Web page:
Asia (China and India)

Title: Development, Production and trade of organic tea (Phase II)

Objective: The project aims at developing the technology, skills and systems of organic tea production. It would include the development of appropriate technology for the establishment of new, and the conversion of existing, tea areas to organic tea farms. The project also aims at the development of acceptable international standards for the export of organic tea and the establishment of an internationally accepted certification mechanism in both countries. The project includes an assessment of the demand for organic tea exports and the development of appropriate export strategies.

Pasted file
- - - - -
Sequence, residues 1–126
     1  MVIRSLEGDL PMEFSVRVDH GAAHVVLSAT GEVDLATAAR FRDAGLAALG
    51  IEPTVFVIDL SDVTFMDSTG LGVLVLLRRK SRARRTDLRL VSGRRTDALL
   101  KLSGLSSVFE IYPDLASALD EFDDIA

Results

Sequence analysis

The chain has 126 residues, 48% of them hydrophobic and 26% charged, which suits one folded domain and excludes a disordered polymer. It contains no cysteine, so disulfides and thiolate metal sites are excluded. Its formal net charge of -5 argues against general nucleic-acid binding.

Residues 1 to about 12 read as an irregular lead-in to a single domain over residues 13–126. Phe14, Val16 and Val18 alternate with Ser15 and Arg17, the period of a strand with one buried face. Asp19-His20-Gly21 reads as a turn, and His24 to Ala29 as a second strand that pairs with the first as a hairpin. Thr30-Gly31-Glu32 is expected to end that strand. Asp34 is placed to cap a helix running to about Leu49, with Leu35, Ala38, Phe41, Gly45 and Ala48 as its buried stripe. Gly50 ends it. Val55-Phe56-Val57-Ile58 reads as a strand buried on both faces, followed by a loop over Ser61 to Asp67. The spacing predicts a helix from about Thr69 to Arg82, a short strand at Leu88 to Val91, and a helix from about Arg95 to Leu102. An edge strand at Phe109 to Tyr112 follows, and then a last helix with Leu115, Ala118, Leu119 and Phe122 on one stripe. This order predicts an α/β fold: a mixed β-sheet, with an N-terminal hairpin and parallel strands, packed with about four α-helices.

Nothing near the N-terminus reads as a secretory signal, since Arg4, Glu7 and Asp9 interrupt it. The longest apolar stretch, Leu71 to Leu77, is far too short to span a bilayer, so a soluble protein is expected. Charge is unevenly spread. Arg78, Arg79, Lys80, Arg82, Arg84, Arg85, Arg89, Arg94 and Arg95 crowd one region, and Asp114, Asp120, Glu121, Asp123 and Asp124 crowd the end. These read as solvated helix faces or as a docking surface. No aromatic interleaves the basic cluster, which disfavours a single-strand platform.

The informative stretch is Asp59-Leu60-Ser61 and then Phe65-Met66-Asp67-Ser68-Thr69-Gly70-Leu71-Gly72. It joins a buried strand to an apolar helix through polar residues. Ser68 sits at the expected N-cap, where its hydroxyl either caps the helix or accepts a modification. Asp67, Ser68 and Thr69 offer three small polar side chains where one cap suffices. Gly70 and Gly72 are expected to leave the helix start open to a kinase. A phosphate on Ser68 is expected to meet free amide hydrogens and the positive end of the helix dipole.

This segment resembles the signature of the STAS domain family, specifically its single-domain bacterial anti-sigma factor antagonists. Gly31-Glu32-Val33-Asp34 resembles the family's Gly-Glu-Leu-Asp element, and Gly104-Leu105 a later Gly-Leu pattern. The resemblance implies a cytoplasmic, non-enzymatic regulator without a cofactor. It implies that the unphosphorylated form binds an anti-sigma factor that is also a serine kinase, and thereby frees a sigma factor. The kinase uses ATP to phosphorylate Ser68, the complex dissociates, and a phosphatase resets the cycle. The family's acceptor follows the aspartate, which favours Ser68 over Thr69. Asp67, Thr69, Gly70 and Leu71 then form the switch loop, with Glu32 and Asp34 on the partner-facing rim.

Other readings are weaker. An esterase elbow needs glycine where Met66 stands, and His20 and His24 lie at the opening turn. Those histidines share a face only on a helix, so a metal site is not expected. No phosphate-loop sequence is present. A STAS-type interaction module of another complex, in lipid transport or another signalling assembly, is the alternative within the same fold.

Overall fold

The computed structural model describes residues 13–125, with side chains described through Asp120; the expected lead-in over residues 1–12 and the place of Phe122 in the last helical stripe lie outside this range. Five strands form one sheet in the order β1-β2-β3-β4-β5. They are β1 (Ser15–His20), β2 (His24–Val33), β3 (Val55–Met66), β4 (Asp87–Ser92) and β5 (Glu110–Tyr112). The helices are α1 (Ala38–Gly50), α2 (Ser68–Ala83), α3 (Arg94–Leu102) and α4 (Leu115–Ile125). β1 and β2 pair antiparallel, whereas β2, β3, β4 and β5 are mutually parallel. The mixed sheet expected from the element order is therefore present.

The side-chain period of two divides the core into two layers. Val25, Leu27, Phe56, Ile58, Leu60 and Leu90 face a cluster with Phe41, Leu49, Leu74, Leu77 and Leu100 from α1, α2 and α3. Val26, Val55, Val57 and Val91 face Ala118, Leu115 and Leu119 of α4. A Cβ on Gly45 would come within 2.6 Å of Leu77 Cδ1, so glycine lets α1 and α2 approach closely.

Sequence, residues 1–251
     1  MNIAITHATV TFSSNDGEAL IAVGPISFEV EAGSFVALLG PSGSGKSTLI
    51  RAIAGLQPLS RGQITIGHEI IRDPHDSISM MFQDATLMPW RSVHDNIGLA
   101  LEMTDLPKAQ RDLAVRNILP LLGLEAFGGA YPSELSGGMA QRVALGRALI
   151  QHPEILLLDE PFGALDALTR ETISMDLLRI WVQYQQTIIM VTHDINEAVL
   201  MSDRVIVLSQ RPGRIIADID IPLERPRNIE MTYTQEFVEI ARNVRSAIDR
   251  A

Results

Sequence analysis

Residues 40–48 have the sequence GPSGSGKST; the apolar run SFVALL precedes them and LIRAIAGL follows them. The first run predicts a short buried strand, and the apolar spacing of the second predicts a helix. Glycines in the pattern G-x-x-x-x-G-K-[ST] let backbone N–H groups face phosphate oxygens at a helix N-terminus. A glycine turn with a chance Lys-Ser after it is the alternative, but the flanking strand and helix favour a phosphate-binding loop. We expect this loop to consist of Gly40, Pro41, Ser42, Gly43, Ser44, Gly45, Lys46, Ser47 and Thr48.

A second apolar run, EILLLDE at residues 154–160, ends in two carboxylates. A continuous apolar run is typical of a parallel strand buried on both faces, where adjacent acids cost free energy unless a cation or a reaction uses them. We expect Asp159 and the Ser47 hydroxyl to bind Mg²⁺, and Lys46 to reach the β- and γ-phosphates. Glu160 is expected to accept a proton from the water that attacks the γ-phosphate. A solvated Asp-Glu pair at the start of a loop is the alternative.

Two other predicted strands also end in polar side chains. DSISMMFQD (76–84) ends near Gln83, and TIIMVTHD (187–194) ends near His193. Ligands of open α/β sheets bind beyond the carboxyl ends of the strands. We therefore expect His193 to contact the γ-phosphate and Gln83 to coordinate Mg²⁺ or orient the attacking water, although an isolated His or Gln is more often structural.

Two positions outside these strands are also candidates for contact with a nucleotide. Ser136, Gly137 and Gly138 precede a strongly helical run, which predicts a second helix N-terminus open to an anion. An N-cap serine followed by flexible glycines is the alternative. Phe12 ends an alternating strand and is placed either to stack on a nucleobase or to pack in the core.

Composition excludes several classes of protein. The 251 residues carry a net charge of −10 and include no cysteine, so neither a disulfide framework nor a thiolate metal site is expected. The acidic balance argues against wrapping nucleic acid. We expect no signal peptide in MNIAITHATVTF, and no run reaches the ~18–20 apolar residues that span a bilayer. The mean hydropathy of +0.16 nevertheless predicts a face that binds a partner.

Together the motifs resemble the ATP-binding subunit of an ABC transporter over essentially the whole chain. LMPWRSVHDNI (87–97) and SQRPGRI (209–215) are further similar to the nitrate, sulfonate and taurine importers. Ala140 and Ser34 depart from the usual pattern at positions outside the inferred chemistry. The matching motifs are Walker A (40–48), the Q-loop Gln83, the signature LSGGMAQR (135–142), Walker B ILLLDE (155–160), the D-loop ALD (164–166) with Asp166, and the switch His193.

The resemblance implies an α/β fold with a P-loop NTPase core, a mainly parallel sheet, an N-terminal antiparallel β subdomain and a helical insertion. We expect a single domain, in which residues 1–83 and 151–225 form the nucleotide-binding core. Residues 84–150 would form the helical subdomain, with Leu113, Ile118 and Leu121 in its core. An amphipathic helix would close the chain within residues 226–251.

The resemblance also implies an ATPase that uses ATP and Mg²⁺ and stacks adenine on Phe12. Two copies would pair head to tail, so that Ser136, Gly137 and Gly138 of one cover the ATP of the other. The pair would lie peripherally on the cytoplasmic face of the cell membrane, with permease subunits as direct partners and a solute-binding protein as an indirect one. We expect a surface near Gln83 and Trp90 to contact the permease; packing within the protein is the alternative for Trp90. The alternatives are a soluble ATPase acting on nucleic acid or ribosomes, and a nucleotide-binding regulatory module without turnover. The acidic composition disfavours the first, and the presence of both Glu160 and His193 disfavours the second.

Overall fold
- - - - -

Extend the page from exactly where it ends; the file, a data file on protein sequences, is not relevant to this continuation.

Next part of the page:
Rationale: The rationale for a project to support the production of organic tea is dependent on two mutually reinforcing factors that have influenced the market. On the demand side, there has been a significant growth in the demand for organic agricultural products in general, which have been further influenced to a considerable degree by the attack of mad cow and other similar diseases in particular. Organic tea prices have reflected this increased demand through a premium on price that has varied quite significantly but generally maintained a differential of about 20-30 percent. On the supply side, overall tea prices have been sluggish and have actually declined over the last two decades due largely to substantial increases in production. Consequently, increasing the production of organic tea presents an attractive option for producers. However, three critical elements have constrained the conversion to organic tea. First, the technology for the production and conversion of normal tea to organic tea is evolving and needs further development, particularly in the context of the local ecology and environment. Second, the certification requirements, currently dependent on external sources, increase the costs substantially and almost entirely out of the reach of small producers. The third element is the fact that organic tea is still largely a niche market. There is the prospect of a substitution effect; the growth of the organic tea is likely to have a negative impact on the normal tea market. The implication of this is a need for an assessment of the global market on the basis of which appropriate national strategies could be adopted. The two countries together produce more than half the world’s production of tea. Although in export terms their contribution is just over 30 percent, it nevertheless represents a substantial source of foreign earnings for both. With sluggish prices and newer entrants into the market, both face a prospect of losing market shares. At the same time, both are already well on their way in the development of organic tea. Yet, despite having the technical and managerial infrastructure, both face similar constraints outlined earlier for further development.